Jon Ward wants: a human sized cyberpunk dragonfly.
...Now I do too.
The problem with this kind of thing is that it's never really possible to finish. You can just add and add and add. Also, when you start to get very detailed images, then shading the picture doesn't really add much.
Nina Birch asked me to draw: A rat cleaning sewers
Rats are kind of difficult to draw.
Johnathan Toner delivered the imperative: Draw me a homage to mario kart!
Well okay, we're on.
People ask me a lot how long it takes to draw something. In this case, I drew from 0:20AM until 3:00AM, (if you care about equipment, I used one sheet of cheap A4 copier paper, and a 0.5 HB technical pencil.) In hindsight, I could have saved a lot of time, as the entire message is conveyed by panel 5 alone...
Corin tells me that: Cool guys don't look at explosions
I've tried to draw explosions before, and they don't come out so well. But anyway, this is the first image that stuck with me when I read the phrase. It was this, or Pliny the elder looking puzzled at Vesuvius while his son yells "you're soooo uncool". Which nobody would get.
Today, Rosie asked me to draw: The result of an insect swarm
I spent quite some time browsing the web for one of those stereotypical "boneyard" images, you know, the ones where there's a dry lifeless netherhell landscape with the bones of some great animal sticking up out of them at threatening angles. It's surprisingly hard to find a good picture with google image search, everything seems to come up with images of different things.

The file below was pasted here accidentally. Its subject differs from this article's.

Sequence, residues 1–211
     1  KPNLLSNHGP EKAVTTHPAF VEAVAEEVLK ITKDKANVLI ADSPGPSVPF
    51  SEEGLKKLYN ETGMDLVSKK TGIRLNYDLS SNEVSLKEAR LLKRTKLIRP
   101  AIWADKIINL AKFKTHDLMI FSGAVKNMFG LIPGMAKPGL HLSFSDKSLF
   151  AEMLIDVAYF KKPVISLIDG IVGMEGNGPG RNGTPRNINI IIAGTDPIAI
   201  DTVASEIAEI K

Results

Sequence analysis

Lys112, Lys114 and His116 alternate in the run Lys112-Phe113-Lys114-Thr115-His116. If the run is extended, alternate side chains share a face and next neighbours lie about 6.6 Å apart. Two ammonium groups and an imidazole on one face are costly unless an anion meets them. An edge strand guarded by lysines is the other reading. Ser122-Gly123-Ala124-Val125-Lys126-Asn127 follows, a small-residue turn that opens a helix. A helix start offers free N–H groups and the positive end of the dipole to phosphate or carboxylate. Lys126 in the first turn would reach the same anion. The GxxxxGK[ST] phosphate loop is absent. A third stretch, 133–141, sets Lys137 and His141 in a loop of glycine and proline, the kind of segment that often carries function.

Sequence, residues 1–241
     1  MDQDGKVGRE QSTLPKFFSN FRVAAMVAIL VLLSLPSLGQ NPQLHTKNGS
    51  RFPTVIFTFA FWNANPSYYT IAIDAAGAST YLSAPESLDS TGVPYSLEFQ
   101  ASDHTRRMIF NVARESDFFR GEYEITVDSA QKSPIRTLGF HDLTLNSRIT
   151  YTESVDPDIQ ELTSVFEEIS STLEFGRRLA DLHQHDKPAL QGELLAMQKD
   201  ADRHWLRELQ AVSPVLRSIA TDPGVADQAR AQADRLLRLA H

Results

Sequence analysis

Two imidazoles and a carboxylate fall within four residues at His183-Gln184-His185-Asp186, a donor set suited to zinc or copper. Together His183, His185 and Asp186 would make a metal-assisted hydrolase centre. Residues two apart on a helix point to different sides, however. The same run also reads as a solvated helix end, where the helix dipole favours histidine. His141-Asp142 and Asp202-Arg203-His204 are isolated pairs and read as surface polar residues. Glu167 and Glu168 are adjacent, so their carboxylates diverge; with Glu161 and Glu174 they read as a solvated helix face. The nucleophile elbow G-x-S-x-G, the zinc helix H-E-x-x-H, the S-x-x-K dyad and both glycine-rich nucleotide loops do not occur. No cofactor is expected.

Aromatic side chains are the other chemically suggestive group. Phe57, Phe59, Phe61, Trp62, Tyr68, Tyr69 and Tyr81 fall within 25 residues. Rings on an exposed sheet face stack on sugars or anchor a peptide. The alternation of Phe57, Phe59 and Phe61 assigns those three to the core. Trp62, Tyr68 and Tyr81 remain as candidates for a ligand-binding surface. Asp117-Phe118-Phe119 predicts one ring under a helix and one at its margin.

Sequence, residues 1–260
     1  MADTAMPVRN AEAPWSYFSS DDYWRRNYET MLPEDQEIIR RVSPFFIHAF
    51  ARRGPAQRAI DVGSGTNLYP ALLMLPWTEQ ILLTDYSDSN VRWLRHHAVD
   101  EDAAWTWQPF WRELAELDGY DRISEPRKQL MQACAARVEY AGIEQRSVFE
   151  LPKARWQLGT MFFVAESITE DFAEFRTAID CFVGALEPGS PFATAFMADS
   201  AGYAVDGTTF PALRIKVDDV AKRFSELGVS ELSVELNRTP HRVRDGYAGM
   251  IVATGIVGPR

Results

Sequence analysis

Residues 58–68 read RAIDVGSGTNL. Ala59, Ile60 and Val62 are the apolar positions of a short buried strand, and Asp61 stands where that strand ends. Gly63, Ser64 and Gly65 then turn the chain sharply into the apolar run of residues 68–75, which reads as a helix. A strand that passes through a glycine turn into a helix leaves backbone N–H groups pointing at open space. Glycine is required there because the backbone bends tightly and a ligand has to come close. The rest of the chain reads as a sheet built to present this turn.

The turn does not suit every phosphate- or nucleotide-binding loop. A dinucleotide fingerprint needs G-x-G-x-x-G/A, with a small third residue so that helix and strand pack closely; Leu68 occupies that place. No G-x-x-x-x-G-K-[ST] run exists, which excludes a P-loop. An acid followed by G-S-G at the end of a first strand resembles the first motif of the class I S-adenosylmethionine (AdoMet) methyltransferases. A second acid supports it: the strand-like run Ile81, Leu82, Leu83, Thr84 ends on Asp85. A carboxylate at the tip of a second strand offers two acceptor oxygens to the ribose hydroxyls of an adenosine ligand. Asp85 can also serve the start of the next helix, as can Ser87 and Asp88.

The last time I drew the skeleton of an animal was in 2008, it was a rat. I think I've improved! This is a whale skeleton, I think it looks a bit like a spaceship. Alternative ideas were a pot of honey, or this lady running away very quickly.
A simple start. Cillian asked me to draw: Digestive Biscuits.
It might be biscuits, but it's still life.
I'm rather pleased with how this came out. I do now have a biscuit clamped several inches above my desk underneath my desklamp (in order to get a better view.) It slowly melted, then fell apart after two days. I did manage to draw anything without eating any (more) biscuits than I had before I started.